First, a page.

An alarming picture of despair, frustration and conflict is revealed in research into the impact of divorce on fathers.
As interest in the royal split reaches fever pitch, the Waleses could do worse than heed the warning of Newcastle University researchers who found that father-child relationships were unlikely to flourish if communication between the parents had reached stalemate.
Challenging the popular stereotype of drop-out fathers who abandon their children following marriage breakdown, the study found an overwhelming sense of loss for many fathers struggling to stay in touch with their children.
Twenty-seven per cent of fathers lose contact with their children five years after divorce, usually when the emotional, physical and financial costs of pursuing contact have become too great.
But most of those fathers remained bitter and resentful and many were angry about what in their view was a denial of the opportunity to be a "dad" as their children grew up.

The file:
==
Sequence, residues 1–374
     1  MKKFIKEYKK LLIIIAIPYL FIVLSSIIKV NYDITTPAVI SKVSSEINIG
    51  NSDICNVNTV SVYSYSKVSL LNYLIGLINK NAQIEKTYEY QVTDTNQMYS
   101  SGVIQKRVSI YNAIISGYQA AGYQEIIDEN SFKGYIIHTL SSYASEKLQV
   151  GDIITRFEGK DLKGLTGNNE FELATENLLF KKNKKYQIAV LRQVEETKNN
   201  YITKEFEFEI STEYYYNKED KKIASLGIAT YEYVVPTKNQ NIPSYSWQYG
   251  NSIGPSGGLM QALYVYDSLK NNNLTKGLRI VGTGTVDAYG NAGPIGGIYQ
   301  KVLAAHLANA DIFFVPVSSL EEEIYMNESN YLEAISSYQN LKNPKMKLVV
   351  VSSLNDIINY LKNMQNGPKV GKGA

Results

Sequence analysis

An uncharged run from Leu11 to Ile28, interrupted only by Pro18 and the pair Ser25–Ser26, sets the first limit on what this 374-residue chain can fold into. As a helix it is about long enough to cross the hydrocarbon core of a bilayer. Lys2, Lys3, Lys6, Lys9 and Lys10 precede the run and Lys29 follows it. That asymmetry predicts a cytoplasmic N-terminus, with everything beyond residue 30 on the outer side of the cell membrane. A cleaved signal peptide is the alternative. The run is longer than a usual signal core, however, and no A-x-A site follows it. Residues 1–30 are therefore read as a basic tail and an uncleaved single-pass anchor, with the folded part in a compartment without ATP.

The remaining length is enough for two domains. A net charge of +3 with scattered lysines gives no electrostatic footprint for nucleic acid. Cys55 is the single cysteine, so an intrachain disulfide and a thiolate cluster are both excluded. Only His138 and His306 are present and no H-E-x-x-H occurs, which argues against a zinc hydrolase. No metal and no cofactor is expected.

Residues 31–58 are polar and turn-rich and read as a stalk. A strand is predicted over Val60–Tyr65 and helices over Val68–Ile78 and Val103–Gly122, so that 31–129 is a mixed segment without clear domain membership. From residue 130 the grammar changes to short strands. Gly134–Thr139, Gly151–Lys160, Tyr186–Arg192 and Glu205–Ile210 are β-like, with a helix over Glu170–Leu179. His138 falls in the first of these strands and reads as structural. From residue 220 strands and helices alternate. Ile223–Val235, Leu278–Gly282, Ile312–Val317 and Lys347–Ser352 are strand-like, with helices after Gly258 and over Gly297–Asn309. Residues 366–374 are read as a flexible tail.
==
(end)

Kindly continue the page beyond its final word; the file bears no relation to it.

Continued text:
The fathers saw their position not as one of opting out but of sacrifice for the sake of peace. Protecting children from continuing conflict was a major consideration.
Staying in touch with children was clearly related to income and resources, with unemployed men finding it hardest to provide for their children and develop a good relationship.
If parents did not talk, the study found, children had to live in fractured worlds, carrying the burden of making contact arrangements and conveying messages, often hostile ones, between parents.
"It is not easy for either parent, particularly if there is ongoing conflict between them," said Janet Walker, director of the Relate Centre for Family Studies at Newcastle and co-director of the project.
Her colleague Bob Simpson said the most important lesson from the research was that cooperative parenting after divorce was difficult.
"Fathers said they need better support services, access to counselling, parenting education, financial advice and more suitable housing so that their children are able to visit," he said.
When children had problems at school or with their health, parents tended to handle them badly if communication had not been established. Fathers reported more problems adjusting to life after divorce than those who work with their ex-partners to bring up their children.
Devoting time to being a good father, however, often meant putting in less effort to building a new life and relationships, resulting in loneliness.
Father-child relationships were sometimes able to work even when the parents failed to communicate but the study found it was considerably more stressful, particularly for the children.